"Commissions in the Yeomanry!" he repeated, and his eyes and face, which
became startling and separate, like those of a boiled lobster, made me
feel sure that he had something of the kind himself.

"Besides," I continued, "wouldn't it be quite enough to confiscate their

"Well, I'd send them all to penal servitude, anyhow," he said, "and I'd
confiscate their funds as well."

"The policy is daring and full of difficulty," I replied, "but I do not
say that it is wholly outside the extreme rights of the republic. But you
must remember that though the facts of property have become quite
fantastic, yet the sentiment of property still exists. These coal-owners,
though they have not earned the mines, though they could not work the
mines, do quite honestly feel that they own the mines. Hence your
suggestion of shooting them down, or even of confiscating their property,
raises very--"

"What do you mean?" asked the man with the cigar, with a bullying eye.
"Who yer talking about?"

"I'm talking about what you were talking about," I replied; "as you put it
so perfectly, about the handful of obstinate fellows who are standing
between the country and the coal. I mean the men who are selling their
own coal for fancy prices, and who, as long as they can get those prices,
care as little for national starvation as most merchant princes and
pirates have cared for the provinces that were wasted or the peoples that
were enslaved just before their ships came home. But though I am a bit of
a revolutionist myself, I cannot quite go with you in the extreme violence
you suggest. You say--"

"I say," he cried, bursting through my speech with a really splendid
energy like that of some noble beast, "I say I'd take all these blasted
miners and--"

I had risen slowly to my feet, for I was profoundly moved; and I stood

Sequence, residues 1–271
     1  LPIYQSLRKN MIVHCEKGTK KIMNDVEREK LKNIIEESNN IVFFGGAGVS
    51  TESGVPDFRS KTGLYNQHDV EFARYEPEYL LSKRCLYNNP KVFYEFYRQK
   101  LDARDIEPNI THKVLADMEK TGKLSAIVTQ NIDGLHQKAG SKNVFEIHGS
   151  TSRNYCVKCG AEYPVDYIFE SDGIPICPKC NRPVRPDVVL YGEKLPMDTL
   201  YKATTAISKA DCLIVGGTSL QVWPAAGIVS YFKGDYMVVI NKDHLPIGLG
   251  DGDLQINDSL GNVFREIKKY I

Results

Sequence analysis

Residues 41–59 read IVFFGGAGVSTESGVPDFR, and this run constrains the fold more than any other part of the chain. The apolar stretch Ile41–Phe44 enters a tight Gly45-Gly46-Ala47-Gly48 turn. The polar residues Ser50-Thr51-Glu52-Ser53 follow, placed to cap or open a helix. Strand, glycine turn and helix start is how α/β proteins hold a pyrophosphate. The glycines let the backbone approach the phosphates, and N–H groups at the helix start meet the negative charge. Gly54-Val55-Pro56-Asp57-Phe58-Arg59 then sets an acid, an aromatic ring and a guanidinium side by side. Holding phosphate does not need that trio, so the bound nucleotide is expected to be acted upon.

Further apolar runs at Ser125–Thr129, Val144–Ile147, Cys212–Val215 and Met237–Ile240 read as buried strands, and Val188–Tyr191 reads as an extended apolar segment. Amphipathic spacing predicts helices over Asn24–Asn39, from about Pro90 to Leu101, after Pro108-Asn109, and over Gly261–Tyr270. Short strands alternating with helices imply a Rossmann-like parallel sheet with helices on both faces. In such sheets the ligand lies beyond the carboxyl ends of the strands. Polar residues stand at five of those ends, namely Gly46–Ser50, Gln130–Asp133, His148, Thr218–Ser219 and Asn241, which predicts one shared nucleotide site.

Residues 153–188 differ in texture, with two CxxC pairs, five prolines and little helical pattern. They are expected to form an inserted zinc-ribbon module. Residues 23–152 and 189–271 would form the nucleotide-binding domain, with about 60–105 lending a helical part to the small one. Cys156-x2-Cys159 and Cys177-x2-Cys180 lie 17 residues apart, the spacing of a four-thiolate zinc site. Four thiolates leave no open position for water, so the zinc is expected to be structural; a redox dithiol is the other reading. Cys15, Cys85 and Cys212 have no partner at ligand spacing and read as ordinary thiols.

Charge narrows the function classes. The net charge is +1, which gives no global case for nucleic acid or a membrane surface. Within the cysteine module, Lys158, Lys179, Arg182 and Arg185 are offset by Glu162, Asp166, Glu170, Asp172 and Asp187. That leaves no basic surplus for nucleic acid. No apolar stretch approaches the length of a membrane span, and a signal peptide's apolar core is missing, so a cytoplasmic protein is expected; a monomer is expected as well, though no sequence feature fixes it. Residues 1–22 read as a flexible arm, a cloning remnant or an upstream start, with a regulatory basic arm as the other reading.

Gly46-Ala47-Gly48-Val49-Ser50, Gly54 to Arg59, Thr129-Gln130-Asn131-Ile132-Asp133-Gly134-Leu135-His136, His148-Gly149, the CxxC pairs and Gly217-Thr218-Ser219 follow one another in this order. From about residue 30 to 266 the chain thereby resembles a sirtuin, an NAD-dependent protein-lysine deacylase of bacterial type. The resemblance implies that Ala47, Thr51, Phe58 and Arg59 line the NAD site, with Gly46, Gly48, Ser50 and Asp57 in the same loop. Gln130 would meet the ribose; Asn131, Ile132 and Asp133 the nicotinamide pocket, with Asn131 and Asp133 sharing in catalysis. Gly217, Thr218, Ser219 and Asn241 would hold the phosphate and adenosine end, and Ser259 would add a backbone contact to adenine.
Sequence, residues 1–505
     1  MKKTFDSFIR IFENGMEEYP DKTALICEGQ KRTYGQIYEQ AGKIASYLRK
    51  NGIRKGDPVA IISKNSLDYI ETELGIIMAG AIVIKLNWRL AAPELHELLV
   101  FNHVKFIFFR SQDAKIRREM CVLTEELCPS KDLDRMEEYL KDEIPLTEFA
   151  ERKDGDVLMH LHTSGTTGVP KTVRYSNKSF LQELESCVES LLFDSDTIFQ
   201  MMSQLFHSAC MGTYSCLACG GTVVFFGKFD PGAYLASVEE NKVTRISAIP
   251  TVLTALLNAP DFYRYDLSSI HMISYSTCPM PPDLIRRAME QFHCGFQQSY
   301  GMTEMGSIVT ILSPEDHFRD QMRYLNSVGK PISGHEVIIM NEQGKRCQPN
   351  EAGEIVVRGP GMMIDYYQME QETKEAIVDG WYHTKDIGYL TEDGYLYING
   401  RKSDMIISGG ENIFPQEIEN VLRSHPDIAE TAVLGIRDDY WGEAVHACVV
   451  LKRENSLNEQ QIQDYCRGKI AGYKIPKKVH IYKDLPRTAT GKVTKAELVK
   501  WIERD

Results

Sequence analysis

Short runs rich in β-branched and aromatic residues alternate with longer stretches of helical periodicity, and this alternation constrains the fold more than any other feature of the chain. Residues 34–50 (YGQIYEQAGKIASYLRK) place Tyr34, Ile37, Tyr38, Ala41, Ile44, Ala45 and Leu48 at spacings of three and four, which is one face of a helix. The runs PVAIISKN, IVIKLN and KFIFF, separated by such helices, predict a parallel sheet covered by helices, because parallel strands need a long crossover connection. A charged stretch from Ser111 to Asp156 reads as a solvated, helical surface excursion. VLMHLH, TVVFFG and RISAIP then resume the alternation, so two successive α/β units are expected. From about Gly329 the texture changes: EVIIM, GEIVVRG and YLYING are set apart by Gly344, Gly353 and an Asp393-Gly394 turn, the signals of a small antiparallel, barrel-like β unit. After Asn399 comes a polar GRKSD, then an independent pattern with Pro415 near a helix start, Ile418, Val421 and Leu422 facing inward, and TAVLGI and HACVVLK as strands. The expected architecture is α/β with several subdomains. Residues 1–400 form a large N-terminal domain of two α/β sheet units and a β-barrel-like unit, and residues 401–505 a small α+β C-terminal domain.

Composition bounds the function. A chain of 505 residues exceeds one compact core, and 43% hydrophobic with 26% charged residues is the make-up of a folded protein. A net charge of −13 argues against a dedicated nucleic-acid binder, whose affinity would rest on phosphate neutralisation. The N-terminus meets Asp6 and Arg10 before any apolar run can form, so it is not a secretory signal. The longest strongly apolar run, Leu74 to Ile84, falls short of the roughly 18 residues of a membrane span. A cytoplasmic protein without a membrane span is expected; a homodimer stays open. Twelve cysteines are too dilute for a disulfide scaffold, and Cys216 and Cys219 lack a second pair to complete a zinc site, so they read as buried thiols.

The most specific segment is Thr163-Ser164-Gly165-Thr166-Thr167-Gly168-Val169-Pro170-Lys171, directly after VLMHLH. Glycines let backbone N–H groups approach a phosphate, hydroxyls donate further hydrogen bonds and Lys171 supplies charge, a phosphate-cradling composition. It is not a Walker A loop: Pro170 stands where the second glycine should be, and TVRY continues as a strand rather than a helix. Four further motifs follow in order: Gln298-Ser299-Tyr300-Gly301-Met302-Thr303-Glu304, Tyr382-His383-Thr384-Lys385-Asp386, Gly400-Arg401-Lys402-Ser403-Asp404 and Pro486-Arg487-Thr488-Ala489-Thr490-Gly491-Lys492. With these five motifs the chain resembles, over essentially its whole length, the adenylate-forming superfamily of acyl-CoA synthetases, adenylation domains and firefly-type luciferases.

staring at that mental monster.

"Oh," I said, "so it is the miners who are all to be sent to penal
servitude, so that we may get more coal. It is the miners who are to be
shot dead, every man Jack of them; for if once they are all shot dead they
will start mining again...You must forgive me, sir; I know I seem somewhat
moved. The fact is, I have just found something. Something I have been
looking for four years."

"Well," he asked, with no unfriendly stare, "and what have you found?"

"No," I answered, shaking my head sadly, "I do not think it would be quite
kind to tell you what I have found."

He had a hundred virtues, including the capital virtue of good humour, and
we had no difficulty in changing the subject and forgetting the
disagreement. He talked about society, his town friends and his country
sports, and I discovered in the course of it that he was a county
magistrate, a Member of Parliament, and a director of several important
companies. He was also that other thing, which I did not tell him.

The moral is that a certain sort of person does exist, to whose glory this
article is dedicated. He is not the ordinary man. He is not the miner,
who is sharp enough to ask for the necessities of existence. He is not
the mine-owner, who is sharp enough to get a great deal more, by selling
his coal at the best possible moment. He is not the aristocratic
politician, who has a cynical but a fair sympathy with both economic
opportunities. But he is the man who appears in scores of public places
open to the upper middle class or (that less known but more powerful
section) the lower upper class. Men like this all over the country are
really saying whatever comes into their heads in their capacities of
justice of the peace, candidate for Parliament, Colonel of the Yeomanry,
old family doctor, Poor Law guardian, coroner, or above all, arbiter in
trade disputes. He suffers, in the literal sense, from softening of the
brain; he has softened it by always taking the view of everything most
comfortable for his country, his class, and his private personality. He
is a deadly public danger. But as I have given him his name at the
beginning of this article there is no need for me to repeat it at the end.

Gilbert Keith Chesterton